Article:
טכניון מכון טכנולוגי לישראל
הטכניון מכון טכנולוגי לישראל - בית הספר ללימודי מוסמכים  
M.Sc Thesis
M.Sc StudentMichael Gorelik
SubjectHigh-Tech Industries in Development Towns:policy and Impact
DepartmentDepartment of Architecture and Town Planning
Supervisor Professor Law-Yone Hubert


Abstract

Development of high-technology science based industries is often expected to be a "panacea" to the solutions of economic & social problems in Israel, especially in the peripheral developing regions.

This research paper examines the influence in the economic & social sectors, of attracting & generating high-technology industries in the new development towns in Israel, and analyzes the resulting effects in light of the current government policies.

The empirical portions of this research were drawn from a survey of ten high-tech plants in the following development towns Karmiel, Ma’alot & Migdal Haemek.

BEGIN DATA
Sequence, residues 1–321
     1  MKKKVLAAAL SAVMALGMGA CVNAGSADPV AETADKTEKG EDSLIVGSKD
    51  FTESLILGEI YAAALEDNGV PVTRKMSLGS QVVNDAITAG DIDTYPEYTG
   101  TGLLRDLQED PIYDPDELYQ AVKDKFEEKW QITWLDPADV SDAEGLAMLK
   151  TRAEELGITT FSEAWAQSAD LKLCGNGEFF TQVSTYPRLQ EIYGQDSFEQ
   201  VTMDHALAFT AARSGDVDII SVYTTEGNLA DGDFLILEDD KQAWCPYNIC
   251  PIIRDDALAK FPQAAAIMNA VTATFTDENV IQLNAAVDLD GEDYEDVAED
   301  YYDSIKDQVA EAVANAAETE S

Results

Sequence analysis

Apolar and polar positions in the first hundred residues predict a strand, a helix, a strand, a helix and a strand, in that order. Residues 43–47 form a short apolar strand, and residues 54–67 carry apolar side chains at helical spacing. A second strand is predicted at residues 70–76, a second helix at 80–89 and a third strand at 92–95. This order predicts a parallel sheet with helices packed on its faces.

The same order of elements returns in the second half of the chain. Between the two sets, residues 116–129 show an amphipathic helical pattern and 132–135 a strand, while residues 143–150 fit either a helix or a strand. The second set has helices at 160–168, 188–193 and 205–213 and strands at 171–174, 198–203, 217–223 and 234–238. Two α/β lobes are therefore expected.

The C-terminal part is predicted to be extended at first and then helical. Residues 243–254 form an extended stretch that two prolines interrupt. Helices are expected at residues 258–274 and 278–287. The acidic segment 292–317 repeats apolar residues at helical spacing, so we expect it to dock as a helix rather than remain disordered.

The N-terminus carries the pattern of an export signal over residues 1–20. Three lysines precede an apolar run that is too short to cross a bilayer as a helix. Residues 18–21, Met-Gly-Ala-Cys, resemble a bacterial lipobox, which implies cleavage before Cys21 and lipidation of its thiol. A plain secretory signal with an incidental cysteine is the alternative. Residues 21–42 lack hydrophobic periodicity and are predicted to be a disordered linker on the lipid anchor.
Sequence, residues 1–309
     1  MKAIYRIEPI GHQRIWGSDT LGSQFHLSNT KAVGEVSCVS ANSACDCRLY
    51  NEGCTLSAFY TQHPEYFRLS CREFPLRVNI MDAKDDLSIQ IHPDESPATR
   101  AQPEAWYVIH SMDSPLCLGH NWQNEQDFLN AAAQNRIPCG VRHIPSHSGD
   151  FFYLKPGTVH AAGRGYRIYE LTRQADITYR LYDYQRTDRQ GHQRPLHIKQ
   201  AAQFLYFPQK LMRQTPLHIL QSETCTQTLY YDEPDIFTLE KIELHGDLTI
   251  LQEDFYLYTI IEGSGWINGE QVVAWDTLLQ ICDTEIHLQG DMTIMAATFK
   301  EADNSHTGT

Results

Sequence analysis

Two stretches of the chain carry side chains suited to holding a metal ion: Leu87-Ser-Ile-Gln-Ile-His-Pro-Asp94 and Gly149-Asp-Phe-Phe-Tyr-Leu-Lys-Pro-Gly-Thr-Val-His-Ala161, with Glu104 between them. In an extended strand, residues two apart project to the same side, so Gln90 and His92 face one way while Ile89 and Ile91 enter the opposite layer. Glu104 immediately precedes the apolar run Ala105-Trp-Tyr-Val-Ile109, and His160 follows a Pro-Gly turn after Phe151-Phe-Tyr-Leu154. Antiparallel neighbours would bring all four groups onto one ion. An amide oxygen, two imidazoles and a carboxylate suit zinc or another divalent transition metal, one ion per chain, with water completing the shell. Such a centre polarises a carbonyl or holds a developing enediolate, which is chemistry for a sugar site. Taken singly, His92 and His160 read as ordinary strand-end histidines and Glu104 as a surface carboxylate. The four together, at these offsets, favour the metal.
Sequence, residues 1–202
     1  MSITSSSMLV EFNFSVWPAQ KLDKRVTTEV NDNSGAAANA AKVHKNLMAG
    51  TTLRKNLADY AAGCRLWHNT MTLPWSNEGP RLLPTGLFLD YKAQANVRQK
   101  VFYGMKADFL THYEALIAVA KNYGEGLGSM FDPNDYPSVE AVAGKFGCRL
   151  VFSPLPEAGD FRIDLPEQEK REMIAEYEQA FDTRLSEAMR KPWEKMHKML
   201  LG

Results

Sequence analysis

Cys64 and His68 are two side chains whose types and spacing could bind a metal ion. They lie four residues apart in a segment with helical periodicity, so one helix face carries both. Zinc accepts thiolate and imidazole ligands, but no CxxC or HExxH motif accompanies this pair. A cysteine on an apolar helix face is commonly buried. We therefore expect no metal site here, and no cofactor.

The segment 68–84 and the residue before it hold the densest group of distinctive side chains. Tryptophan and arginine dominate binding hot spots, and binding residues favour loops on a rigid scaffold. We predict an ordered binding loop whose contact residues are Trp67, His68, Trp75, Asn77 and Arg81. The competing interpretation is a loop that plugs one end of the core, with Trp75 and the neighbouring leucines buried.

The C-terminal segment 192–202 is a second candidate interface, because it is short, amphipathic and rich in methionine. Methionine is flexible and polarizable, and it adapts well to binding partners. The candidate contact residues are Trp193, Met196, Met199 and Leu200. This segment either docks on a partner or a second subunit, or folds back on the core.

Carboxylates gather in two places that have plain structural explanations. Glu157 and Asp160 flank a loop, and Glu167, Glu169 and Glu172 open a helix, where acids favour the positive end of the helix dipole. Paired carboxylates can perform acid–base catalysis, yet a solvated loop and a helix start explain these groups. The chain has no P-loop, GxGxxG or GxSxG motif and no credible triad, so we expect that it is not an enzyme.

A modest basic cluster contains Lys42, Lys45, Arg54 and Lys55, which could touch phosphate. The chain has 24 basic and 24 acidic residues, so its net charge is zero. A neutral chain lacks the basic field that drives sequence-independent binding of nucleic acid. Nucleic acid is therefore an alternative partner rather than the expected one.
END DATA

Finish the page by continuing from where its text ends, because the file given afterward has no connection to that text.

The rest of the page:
A summary of the findings is hereby presented:

The income levels in the plants surveyed is slightly higher than the average monthly income in the development towns, but is lower than the average in the industrial sector in the country.

An interesting point, bearing important planning implications shows that the proportion of town residents (employed in the high tech plants sampled) in lower income brackets is high, and their proportion in high income brackets (well paid jobs) is consistently lower.

The high technology knowledge based industries are engaged in vocational, in-plant training, at a higher rate than those of other, low technology plants in the development towns.

Furthermore, this paper has proven that a higher proportion of women are employed in the surveyed high tech plants than those employed in low technology firms in the development towns.

Government economic strategies that involve encouraging & assisting, through various subsidy programmes, the development of high technology industries in the development regions, must- take into account the total employment & community welfare impacts. Policy planning & the selection of potential plants to be located in the developing regions must be designed to enhance the diversification of job opportunities, income levels & standard of living, according to differing employment structure, needs & characteristics of the high tech firm.